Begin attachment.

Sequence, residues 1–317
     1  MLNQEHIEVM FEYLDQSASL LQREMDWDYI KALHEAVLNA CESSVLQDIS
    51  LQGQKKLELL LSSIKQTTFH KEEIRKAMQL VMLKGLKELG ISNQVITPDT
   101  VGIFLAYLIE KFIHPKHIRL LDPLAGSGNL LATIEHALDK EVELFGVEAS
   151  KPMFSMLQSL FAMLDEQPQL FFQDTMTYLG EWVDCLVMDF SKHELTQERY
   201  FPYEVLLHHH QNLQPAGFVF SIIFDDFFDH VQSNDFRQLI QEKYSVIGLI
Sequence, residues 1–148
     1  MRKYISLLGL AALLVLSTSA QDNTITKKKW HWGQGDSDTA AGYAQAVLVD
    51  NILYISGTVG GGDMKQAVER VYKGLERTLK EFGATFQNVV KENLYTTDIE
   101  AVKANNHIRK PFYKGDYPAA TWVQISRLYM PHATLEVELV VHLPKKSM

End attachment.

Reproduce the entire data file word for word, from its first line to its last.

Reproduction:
Sequence, residues 1–317
     1  MLNQEHIEVM FEYLDQSASL LQREMDWDYI KALHEAVLNA CESSVLQDIS
    51  LQGQKKLELL LSSIKQTTFH KEEIRKAMQL VMLKGLKELG ISNQVITPDT
   101  VGIFLAYLIE KFIHPKHIRL LDPLAGSGNL LATIEHALDK EVELFGVEAS
   151  KPMFSMLQSL FAMLDEQPQL FFQDTMTYLG EWVDCLVMDF SKHELTQERY
   201  FPYEVLLHHH QNLQPAGFVF SIIFDDFFDH VQSNDFRQLI QEKYSVIGLI
Sequence, residues 1–148
     1  MRKYISLLGL AALLVLSTSA QDNTITKKKW HWGQGDSDTA AGYAQAVLVD
    51  NILYISGTVG GGDMKQAVER VYKGLERTLK EFGATFQNVV KENLYTTDIE
   101  AVKANNHIRK PFYKGDYPAA TWVQISRLYM PHATLEVELV VHLPKKSM